Sacramental reality

Today, I was explaining Vestal Virgins to my first-years, and I noticed that my slide said that the fire of Vesta was ‘symbolic of Rome’s power’. I took a moment to explain that that description is really inadequate. Symbols, I explained, were much more closely associated with that which they symbolised to the ancient Roman mind. You could almost say that the fire of Vesta was Rome’s power.

I went on to say that the world of the ancient Romans was interpenetrated by a sense of the numinous, that the divine interacted with daily life.

What I wanted to launch into was a discussion of the sacramental and transcendence.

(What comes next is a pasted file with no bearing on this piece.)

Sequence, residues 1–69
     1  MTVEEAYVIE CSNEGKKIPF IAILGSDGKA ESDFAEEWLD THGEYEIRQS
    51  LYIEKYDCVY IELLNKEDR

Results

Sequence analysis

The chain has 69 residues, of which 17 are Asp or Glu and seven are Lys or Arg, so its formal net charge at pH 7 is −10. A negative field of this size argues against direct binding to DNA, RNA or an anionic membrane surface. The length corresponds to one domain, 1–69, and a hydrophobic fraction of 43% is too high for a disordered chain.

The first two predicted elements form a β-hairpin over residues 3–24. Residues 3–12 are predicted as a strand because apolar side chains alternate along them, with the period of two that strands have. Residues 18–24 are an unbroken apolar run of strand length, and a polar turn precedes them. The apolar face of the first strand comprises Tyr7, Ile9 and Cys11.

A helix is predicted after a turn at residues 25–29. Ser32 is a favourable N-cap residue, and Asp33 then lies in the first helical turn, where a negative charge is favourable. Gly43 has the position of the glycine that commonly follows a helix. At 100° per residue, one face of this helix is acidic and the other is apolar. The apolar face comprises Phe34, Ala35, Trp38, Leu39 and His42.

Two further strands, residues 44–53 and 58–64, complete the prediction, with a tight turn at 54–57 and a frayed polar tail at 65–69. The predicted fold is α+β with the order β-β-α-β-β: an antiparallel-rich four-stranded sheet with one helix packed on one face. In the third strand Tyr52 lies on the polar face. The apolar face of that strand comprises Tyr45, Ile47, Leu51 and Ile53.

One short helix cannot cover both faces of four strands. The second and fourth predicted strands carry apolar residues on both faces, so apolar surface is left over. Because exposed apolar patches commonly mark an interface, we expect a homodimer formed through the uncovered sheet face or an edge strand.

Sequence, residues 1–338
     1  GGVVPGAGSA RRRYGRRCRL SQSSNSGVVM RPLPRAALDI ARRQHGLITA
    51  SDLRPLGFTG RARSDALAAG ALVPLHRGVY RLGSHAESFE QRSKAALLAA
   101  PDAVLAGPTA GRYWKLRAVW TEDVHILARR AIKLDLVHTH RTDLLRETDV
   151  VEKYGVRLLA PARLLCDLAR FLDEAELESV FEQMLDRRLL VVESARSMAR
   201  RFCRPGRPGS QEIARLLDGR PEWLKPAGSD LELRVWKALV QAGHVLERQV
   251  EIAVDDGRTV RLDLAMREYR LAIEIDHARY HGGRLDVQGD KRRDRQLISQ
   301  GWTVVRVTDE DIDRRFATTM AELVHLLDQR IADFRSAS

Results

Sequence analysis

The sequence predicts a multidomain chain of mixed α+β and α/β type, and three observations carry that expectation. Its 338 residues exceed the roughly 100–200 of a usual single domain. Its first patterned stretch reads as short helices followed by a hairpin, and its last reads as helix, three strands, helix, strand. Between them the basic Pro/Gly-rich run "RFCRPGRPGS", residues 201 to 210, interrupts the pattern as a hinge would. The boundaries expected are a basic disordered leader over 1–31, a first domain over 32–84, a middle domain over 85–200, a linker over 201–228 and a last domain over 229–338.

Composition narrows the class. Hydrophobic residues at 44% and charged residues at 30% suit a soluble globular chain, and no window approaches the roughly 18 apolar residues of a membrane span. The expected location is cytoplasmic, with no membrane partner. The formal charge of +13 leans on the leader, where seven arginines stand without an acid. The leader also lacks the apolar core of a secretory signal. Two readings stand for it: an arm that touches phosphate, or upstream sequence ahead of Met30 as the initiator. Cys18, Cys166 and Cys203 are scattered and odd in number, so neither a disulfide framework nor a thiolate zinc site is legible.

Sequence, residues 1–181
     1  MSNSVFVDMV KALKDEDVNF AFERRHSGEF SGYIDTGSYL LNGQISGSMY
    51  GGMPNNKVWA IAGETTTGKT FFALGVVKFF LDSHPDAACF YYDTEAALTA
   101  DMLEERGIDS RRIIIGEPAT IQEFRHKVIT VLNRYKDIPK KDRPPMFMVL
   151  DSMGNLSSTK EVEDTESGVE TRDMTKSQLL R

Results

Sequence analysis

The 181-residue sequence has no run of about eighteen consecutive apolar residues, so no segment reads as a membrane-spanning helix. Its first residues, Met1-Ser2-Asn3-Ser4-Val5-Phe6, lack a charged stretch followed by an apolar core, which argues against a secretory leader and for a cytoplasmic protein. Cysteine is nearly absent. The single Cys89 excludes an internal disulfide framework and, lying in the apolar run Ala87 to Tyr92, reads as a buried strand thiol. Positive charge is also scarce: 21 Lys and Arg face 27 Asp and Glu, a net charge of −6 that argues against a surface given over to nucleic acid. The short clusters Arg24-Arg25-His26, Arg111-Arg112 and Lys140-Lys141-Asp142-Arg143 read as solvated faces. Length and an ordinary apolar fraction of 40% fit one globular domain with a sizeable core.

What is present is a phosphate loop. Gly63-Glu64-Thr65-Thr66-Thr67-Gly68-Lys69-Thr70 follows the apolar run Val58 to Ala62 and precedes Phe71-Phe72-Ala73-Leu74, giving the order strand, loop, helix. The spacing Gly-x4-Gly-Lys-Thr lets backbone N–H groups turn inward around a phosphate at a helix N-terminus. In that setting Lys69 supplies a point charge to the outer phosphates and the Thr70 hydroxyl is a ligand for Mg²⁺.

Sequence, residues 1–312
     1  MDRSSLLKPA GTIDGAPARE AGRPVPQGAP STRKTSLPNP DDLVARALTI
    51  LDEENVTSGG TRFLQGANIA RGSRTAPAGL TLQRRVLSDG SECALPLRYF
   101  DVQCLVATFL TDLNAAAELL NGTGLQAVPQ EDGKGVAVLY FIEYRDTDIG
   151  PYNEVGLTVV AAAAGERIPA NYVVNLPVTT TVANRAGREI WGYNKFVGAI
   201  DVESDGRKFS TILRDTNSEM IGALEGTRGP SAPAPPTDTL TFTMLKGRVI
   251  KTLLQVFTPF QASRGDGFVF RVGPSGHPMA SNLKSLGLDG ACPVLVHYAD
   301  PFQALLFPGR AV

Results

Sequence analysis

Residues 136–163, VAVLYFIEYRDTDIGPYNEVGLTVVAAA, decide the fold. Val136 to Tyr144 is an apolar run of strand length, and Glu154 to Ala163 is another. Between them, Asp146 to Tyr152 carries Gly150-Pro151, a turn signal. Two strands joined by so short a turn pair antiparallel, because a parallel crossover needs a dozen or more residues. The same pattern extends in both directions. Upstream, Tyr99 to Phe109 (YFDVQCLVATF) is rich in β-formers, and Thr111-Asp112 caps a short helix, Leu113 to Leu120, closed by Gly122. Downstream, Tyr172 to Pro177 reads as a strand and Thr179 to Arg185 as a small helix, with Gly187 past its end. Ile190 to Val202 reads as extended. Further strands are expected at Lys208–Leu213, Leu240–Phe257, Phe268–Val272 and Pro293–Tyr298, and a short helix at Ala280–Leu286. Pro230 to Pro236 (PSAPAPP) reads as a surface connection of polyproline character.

But that wouldn’t necessarily fit a lecture on Roman mythology.

But I find even this Roman pagan view of the world much more appealing than the dead, inanimate world proffered by the Enlightenment. A world where the divine lurks behind every corner, where your hearthfire is an access point to another reality, where gods walk among mortals.

And my mind is turning this direction because I am reading Boersma’s Scripture As Real Presence, where he discusses a sacramental worldview, a world where God Himself is readily available to us hidden beneath the sacramental veil, and especially available to us in the words of sacred Scripture.

At the same time, I’ve begun reading a dissertation about the loss of a sense of transcendence in Canadian culture, including the Canadian church, and how this has led to the haemorrhaging of young people from our churches.

Maybe my excitement about divine immanence in the Roman world excited some young minds about finding that here and now.

Because these are realities we need — the transcendent, ever-present God who makes Himself known through symbol and sacrament.